Crime & Courts

Koch says it is part of bipartisan coalition seeking criminal justice reform

Koch Industries sees the position as helping the poor, and the stance also fits with Koch’s philosophy of limited government, especially as it applies to the federal government, Mark Holden said.
Koch Industries sees the position as helping the poor, and the stance also fits with Koch’s philosophy of limited government, especially as it applies to the federal government, Mark Holden said. File photo

A top Koch Industries official says the corporate giant has become part of a bipartisan coalition contending that the criminal justice system needs reform.

The system puts too many non-violent people in prison, particularly youthful drug offenders, and for too long, and it’s taking away individual freedom and costing society, said Mark Holden, senior vice president and general counsel for Wichita-based Koch Industries, known for its conservative and Libertarian approach to politics.

Holden laid out the position recently in a speech to a Rotary Club luncheon at Botanica.

“Many who have attacked us are now working with us” and trying to see the reform happen, he said.

In an interview after the speech, Holden said, “We all agree that our system is broken.”

Holden, 52, said he wanted stress that the reform he is espousing is focused on non-violent offenders, including those with some drug crimes. He said he is not advocating for decriminalizing marijuana.

“I’m not pro-drug usage,” he said. “But I don’t think we should be so punitive about it.”

Enhancing public safety remains a top priority, Holden said.

Koch sees the position as helping the poor, and the stance also fits with Koch’s philosophy of limited government, especially as it applies to the federal government, he said.

States vary on how well they have embraced criminal justice reforms, he said, adding, “I think here in Kansas we have work to do.”

Overall, he said, states seem to be doing a better job with reform than the federal government. Federal laws generally set longer drug sentences.

Among the few hundred people at the Rotary luncheon were Wichita-based federal prosecutors and Sedgwick County District Attorney Marc Bennett, who brings charges based on state laws.

U.S. Attorney Barry Grissom gave this statement after being asked for comment: “Criminal justice reform is a top priority for President Obama’s administration. The U.S. prison population has grown at an astonishing rate since 1980. The Justice Department’s “Smart on Crime Initiative” includes rethinking mandatory minimum sentences and federal sentencing guidelines for non-violent offenders and directing more resources to deterrence and rehabilitation.”

In his Rotary talk, Holden said that the reform position is not meant to be “anti-law enforcement or anti-prosecution. … This not about being soft on crime.”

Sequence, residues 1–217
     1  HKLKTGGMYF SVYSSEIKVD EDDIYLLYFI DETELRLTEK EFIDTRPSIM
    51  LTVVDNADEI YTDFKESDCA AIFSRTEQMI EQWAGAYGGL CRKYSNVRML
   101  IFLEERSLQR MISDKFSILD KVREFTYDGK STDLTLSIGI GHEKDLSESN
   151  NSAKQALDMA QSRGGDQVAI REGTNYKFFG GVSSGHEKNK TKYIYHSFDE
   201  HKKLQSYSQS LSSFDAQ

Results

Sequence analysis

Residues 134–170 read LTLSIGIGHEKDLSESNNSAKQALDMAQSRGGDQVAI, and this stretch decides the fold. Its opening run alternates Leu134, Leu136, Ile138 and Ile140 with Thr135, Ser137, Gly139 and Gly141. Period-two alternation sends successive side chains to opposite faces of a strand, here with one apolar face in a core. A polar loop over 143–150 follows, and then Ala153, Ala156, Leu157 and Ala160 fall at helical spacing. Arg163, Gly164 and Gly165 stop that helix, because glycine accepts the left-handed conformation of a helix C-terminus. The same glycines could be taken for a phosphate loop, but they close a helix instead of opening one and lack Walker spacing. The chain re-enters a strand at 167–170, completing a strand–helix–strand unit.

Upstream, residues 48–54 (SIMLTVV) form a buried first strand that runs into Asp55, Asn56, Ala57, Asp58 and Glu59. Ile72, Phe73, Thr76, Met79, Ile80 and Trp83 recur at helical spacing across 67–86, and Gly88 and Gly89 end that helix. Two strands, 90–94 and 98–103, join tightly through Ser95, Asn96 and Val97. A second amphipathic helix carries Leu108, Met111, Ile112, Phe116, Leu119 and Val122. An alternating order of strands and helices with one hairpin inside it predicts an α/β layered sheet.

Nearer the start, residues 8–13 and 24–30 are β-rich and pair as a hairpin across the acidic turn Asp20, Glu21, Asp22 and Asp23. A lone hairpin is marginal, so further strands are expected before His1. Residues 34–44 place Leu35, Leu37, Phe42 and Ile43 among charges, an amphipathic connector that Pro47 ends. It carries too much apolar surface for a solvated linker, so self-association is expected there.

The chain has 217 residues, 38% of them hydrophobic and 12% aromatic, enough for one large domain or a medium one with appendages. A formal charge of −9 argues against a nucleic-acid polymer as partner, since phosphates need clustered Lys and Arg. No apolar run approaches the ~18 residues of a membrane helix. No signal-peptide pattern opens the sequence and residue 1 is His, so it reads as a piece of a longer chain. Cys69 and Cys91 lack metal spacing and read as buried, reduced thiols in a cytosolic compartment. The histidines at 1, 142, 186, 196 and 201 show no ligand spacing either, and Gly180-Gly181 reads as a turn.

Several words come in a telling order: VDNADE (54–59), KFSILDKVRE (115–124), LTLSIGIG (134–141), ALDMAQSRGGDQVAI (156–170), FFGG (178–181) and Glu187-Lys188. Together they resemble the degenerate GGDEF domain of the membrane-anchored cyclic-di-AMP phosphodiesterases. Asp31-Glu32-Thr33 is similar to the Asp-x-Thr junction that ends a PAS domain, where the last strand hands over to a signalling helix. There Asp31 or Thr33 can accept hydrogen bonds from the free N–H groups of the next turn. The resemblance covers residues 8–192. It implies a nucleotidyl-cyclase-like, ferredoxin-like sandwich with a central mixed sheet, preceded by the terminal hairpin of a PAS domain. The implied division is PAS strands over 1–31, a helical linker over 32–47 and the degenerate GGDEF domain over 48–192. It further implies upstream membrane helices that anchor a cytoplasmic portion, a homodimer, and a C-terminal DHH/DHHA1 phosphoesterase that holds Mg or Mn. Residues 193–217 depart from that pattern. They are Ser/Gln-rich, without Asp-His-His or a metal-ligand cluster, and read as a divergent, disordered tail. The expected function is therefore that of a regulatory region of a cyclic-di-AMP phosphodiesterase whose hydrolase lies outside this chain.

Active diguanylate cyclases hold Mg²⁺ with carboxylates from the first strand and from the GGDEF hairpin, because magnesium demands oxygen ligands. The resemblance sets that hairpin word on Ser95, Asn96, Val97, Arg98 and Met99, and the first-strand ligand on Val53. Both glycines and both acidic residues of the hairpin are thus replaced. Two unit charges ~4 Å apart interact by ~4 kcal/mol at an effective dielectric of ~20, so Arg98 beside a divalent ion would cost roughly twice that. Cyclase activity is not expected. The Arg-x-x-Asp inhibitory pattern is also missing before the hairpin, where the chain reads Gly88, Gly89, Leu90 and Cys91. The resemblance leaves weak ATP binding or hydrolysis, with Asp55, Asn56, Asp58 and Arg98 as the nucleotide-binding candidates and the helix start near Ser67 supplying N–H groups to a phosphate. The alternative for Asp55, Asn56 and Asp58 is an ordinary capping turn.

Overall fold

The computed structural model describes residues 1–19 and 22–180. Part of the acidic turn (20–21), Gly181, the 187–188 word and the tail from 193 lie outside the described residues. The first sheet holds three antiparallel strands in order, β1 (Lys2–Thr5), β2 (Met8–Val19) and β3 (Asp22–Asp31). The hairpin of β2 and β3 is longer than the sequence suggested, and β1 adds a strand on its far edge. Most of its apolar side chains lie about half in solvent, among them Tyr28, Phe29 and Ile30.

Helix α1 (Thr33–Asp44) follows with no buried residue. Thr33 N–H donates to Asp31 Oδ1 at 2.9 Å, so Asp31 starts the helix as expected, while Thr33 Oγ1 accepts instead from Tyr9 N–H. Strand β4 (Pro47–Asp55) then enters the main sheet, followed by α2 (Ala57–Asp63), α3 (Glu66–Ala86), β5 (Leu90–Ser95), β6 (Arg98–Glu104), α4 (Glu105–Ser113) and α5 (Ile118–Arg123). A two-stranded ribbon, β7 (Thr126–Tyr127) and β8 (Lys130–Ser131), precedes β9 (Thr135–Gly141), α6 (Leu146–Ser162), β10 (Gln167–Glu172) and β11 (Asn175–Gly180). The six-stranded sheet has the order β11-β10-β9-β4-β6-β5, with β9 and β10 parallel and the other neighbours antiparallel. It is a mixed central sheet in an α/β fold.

Still, he said the United States leads the world in putting people in prison and “over-criminalizes behavior,” which raises fiscal and societal costs by hurting the economy and families whose loved ones are “branded for life as criminals.”

Prison populations have soared with a huge expansion of federal law beginning in the 1980s and extending into the 1990s, when the priority was cracking down on crime, he said.

“It’s mostly poor people,” and many with drug offenses, who have been hurt by failed policies that have destroyed families and sent costs rising, he said. Millions of children have lost parents to incarceration.

“There’s also a racial angle,” Holden said, adding that African-Americans account for a disproportionately high number of inmates.

For Kansans, he said, part of solution is contacting their U.S. senators and congressional representatives.

Among other solutions, he said: Making sure that prosecutors don’t over-charge to force plea agreements.

Holden said he wasn’t criticizing the actions of the prosecutors in the audience. In a brief interview after the talk, Bennett, the district attorney, said neither he nor his predecessor, Nola Foulston, have allowed excessive charges against defendants.

Another part of the solution, according to Holden: Addressing sentencing disparities and making sure the punishment fits the crime.

Another: Giving inmates job training, education, drug treatment and mentoring so when they leave prison “they’re a better person than when they came in,” Holden said. “Let’s welcome them back if we can … They’ve paid their debt to society. Let’s not continue to punish them. We need to break the cycle” so they won’t revert to more crime.

Although Koch does background checks on applicants, it hires employees “based on the whole person” and not so much on some non-violent offense they did 15 or 20 years ago, he said.

Reach Tim Potter at 316-268-6684 or tpotter@wichitaeagle.com.

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